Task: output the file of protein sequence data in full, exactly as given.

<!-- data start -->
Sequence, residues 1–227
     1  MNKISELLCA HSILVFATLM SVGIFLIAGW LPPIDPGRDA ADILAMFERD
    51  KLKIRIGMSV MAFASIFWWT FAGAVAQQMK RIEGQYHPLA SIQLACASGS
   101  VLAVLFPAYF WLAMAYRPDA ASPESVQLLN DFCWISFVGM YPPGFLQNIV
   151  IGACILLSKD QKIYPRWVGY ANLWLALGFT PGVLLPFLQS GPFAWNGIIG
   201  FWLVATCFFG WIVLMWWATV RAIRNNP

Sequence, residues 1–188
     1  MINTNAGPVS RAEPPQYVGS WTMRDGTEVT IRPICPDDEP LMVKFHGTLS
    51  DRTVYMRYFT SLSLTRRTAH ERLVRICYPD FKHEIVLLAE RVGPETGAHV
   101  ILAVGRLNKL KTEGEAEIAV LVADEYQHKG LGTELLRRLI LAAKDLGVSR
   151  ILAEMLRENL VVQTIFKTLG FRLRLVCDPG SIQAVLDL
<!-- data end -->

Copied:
Sequence, residues 1–227
     1  MNKISELLCA HSILVFATLM SVGIFLIAGW LPPIDPGRDA ADILAMFERD
    51  KLKIRIGMSV MAFASIFWWT FAGAVAQQMK RIEGQYHPLA SIQLACASGS
   101  VLAVLFPAYF WLAMAYRPDA ASPESVQLLN DFCWISFVGM YPPGFLQNIV
   151  IGACILLSKD QKIYPRWVGY ANLWLALGFT PGVLLPFLQS GPFAWNGIIG
   201  FWLVATCFFG WIVLMWWATV RAIRNNP

Sequence, residues 1–188
     1  MINTNAGPVS RAEPPQYVGS WTMRDGTEVT IRPICPDDEP LMVKFHGTLS
    51  DRTVYMRYFT SLSLTRRTAH ERLVRICYPD FKHEIVLLAE RVGPETGAHV
   101  ILAVGRLNKL KTEGEAEIAV LVADEYQHKG LGTELLRRLI LAAKDLGVSR
   151  ILAEMLRENL VVQTIFKTLG FRLRLVCDPG SIQAVLDL